When Robin McAllistar worked in the commercial fishing industry in the 1970s and 1980s, she was often the only woman on the boat. Once, she said she was stuck on a boat with a captain who was constantly drinking. She said he assaulted her in her room, and she had to fight him off. “I mean physically grappling and trying to get through and get out and get away,” she said. “I wasn’t raped, but that was only because I got out.” The next day, she hopped onto another boat to get away. Roughly 15% of commercial fishermen in Alaska are women. >click to read<20:23

Fishing Disaster

I learned about the magnitude of the Gulf of Alaska as a youth in Yakutat when my father decided we would take up commercial fishing. He lost everything; boat, nets and almost his son. Commercial fishing is serious business in Alaska waters!,,, My father was a civilian contractor on the White Alice early warning system during this time in the mid-1960s,,,,As a youth who had attended 7th grade at Orah Dee Clark Junior High school in Mt. View, I was an angry kid. My father determined he needed to get his family out of Anchorage before I ended up in jail. My stepmother could not control me while Dad traveled the state working at the various sites. by Donn Liston>click to read<07:47

Inside the cultural shift in commercial fishing, one of Canada’s deadliest industries

For the men and women working in Canada’s commercial fishing industry, every day on the open ocean brings with it life-threatening risks.
The nature of the job — long hours in wet, freezing cold temperatures — and the risks posed by going overboard when workers don’t wear safety gear have made it one of the deadliest industries in the country. Last year was one of the worst on record, with the Transportation and Safety Board (TSB) saying that during the first 10 months of 2018, 17 people died — an all-time high in the industry. But a push to make commercial fishing safer continues. Leonard LeBlanc, chair of the Fisheries Safety Association of Nova Scotia, is leading the charge. >click to read/Video<15:10

Photo Article: Dean Bradshaw Proves Blue Can Be Bleak Aboard a Fishing Trawler

It’s fascinating to follow a photographer’s epic adventures through their photos, not only to get a glimpse of their experiences but also their interpretation through choices in creative elements like color, composition, and mood. A perfect example is the cinematic documentary Icelandic Fishing series of Dean Bradshaw, where he shows us what went down during the 12 hours he spent aboard a fishing trawler in Iceland. If you’re looking for inspiration for documenting your next adventure, this set is certainly worth a look. “It was about 5:30 am when we boarded the fishing trawler. Plenty of photo’s! >click to read<13:46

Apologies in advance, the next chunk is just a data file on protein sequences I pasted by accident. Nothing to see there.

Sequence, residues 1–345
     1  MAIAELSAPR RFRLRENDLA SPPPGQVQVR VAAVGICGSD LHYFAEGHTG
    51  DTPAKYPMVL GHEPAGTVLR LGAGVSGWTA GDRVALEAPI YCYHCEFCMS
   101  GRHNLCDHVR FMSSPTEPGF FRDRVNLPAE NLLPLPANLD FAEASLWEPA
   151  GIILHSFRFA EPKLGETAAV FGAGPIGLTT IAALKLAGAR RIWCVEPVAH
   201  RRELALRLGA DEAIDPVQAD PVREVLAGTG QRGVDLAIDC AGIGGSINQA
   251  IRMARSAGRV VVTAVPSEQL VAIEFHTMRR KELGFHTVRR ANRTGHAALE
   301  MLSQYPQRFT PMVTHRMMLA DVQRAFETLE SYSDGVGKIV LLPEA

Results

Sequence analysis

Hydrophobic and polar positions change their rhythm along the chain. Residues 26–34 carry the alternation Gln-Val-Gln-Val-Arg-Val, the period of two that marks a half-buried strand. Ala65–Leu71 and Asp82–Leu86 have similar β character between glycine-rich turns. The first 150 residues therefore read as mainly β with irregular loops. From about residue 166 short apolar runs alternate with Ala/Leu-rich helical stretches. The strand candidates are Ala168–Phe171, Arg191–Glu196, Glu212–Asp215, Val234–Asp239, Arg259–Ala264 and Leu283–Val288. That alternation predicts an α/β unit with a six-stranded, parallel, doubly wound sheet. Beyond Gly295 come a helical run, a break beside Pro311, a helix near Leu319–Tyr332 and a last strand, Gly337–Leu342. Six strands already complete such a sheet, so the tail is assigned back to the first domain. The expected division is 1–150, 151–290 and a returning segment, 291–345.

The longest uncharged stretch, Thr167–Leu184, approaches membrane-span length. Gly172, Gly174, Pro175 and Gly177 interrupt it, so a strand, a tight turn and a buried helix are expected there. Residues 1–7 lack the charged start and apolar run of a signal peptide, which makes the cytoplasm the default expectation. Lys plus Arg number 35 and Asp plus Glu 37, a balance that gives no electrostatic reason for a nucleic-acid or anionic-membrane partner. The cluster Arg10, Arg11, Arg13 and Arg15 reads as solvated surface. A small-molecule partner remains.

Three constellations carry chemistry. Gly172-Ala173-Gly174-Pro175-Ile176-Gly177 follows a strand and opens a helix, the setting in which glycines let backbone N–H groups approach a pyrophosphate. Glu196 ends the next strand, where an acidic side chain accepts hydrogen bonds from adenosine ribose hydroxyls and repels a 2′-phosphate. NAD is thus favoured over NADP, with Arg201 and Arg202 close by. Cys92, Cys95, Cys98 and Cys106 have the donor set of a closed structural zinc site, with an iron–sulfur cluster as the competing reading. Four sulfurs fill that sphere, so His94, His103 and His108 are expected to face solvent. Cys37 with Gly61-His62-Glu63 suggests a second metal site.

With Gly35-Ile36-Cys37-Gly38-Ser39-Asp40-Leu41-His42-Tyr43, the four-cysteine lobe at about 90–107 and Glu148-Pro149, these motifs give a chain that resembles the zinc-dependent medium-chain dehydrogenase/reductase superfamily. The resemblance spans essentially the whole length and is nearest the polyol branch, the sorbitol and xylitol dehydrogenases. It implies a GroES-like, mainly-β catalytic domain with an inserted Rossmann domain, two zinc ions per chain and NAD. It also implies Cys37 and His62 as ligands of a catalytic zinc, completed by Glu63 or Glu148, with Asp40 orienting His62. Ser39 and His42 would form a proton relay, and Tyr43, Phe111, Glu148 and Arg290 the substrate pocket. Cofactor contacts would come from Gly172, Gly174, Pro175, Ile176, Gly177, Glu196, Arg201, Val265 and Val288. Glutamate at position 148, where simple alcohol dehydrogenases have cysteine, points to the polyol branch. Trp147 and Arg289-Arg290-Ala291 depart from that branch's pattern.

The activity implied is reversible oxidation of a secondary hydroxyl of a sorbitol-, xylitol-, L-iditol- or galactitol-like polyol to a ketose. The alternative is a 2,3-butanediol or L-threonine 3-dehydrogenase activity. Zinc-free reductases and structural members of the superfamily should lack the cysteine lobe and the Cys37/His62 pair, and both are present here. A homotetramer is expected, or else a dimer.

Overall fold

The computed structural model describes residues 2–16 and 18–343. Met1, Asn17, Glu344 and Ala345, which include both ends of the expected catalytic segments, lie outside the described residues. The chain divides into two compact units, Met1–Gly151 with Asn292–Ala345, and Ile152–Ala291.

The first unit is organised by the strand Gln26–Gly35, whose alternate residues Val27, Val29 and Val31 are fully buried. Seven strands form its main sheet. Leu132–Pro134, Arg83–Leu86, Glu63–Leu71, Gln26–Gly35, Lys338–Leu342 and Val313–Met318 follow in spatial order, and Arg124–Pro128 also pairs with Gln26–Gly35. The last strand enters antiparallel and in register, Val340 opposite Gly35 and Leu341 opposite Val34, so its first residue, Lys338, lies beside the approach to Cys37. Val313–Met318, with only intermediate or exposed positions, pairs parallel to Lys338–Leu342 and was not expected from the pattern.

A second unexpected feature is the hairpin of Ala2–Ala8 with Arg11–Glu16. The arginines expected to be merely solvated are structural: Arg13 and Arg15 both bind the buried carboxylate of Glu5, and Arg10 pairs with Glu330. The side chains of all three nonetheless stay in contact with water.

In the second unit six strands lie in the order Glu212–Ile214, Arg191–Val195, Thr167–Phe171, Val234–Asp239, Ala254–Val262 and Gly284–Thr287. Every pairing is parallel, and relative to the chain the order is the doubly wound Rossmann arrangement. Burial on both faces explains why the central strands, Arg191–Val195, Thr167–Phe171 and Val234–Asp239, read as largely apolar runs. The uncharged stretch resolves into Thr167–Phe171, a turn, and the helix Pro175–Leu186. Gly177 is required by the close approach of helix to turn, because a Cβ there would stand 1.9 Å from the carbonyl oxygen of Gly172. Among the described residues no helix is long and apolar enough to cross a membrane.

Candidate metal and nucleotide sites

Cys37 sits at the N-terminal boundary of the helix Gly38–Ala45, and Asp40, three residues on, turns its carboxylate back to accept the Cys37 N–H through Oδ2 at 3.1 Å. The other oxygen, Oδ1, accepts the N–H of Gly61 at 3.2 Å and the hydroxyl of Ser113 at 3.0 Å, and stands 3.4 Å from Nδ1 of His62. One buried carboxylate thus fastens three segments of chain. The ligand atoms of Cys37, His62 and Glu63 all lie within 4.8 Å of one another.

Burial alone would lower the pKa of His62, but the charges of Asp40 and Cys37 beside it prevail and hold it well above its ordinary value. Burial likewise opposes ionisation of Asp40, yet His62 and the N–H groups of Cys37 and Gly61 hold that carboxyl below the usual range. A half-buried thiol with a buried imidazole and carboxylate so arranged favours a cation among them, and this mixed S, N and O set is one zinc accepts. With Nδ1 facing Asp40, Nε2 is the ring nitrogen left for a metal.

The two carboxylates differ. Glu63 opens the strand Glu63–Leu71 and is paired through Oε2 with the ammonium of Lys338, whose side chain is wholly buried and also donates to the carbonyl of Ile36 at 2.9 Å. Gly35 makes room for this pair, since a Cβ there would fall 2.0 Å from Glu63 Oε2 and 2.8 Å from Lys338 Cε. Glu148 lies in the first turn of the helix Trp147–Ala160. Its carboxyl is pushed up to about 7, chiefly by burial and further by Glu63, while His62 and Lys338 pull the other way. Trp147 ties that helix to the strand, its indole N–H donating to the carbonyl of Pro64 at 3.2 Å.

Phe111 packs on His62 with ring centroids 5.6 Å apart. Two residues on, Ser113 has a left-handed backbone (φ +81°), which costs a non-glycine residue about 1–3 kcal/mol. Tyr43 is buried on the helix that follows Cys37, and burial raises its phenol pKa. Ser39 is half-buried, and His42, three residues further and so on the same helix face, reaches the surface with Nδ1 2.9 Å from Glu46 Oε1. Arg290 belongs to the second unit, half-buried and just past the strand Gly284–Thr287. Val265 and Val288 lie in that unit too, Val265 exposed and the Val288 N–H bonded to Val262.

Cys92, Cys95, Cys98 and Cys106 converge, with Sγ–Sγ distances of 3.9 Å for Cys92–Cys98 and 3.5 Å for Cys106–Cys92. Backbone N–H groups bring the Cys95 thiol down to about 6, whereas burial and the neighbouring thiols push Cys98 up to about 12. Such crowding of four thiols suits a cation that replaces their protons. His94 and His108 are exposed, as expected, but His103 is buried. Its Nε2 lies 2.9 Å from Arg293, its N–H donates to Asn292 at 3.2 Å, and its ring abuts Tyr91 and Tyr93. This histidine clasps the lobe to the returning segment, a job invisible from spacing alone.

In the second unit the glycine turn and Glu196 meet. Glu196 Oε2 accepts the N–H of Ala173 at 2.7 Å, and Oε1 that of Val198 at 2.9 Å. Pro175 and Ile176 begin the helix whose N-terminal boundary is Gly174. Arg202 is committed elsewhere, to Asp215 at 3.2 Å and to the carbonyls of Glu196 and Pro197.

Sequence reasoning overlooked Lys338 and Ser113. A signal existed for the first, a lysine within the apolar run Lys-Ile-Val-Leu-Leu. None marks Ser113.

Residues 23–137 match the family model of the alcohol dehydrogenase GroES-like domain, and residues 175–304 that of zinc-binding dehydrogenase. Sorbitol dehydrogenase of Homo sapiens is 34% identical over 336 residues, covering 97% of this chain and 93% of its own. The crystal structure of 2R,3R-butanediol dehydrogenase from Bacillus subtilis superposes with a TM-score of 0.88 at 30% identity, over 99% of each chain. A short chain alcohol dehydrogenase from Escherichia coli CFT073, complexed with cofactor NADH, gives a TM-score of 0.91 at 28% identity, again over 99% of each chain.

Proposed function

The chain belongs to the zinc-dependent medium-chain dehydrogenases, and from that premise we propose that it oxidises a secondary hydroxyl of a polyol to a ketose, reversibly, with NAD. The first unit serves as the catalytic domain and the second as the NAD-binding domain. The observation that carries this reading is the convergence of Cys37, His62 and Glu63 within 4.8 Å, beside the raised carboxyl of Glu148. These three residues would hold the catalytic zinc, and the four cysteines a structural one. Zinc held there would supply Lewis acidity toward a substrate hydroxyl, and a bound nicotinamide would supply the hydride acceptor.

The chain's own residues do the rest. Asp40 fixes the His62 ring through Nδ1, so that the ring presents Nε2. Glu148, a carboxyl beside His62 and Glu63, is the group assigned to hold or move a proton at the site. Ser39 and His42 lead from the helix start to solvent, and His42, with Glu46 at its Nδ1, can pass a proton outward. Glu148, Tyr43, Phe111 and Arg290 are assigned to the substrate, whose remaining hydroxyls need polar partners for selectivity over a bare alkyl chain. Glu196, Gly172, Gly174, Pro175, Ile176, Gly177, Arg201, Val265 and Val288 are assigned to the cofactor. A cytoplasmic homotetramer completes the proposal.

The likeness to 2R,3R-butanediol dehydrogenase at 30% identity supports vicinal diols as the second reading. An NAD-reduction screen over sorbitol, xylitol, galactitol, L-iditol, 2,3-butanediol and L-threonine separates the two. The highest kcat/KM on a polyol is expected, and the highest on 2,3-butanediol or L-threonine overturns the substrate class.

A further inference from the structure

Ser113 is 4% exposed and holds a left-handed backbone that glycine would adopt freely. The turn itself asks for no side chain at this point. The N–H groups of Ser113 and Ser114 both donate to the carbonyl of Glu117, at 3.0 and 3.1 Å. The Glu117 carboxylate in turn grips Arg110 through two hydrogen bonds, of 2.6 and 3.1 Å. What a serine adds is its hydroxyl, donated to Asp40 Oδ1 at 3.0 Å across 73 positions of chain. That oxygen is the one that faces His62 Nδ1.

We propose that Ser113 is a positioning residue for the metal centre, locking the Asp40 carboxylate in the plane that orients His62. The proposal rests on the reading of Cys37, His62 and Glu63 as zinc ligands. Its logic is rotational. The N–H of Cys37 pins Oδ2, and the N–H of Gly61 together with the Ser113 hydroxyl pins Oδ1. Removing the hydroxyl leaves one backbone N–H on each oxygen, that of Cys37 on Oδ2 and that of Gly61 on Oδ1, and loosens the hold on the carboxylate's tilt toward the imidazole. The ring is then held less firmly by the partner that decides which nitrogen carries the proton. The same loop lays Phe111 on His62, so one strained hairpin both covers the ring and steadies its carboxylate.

EDITORIAL: Change tack to save lives

At this time of year, we tend to focus our attention on road deaths, particularly the role drinking and driving plays in them. But as a province and a region surrounded by oceans and dotted with lakes, it is also vital to consider the dangers that lurk on the water as opposed to roads. The fact is, quite a few people die while working or enjoying leisure time on waterways. In its annual report, the Canadian Red Cross released unofficial numbers showing that there were 39 water-related deaths in Atlantic Canada in 2018. Nova Scotia’s share of that total was 16. Some of the deaths were related to commercial fishing while others occurred while people were involved in recreational fishing, boating and swimming at lakes and on beaches. >click to read<07:17

Letter: Celebrate efforts to make commercial fishing safer

I appreciated seeing Colin Murphey’s photography feature showing our local commercial fishing crews engaged in safety training on Nov. 30 (“Fishing — the Most Dangerous Game,” The Daily Astorian) >click to read<. However, the headline struck me as somewhat inappropriate for the content. The Coast Guard holds a drill conductor training here in Astoria three to four times a year, and Oregon Sea Grant helps get fishermen signed up. Amanda Gladics >click to read<08:49

A Woman at Sea

“I don’t really know that many women who do it,” Lauren Brady admits, looking out across the calm waters of Yaquina Bay on a rare sunny day in September. She has been commercial fishing since April, working on crabbing, shrimping, black cod fishing, and most recently tuna fishing boats. Brady agreed to meet with me to help readers gain a deeper understanding of the lived experiences of the few women who choose this career. >click to read<09:27

Do seals affect your commercial fishing activity?

Seals eat approx 7% of their body weight when they eat – say 24lbs. Unfortunately, seals don’t necessarily eat the whole fish that they pick from fishermen’s nets – they tend to take a single mouthful from each fish – often to get at the liver – especially with fish like hake.  To this end the NFFO are carrying out a survey and encourage all those fishermen who have been affected to take part. This survey is for commercial fishermen in England about their experiences of interactions with seals (seals feeding on catches, damage to gears and entanglement). Your responses will help us better understand the extent of seal–fishery interactions around the country and identify options for non-lethal measures to reduce these interactions. Participation in the survey is voluntary. Video, >click to read<08:58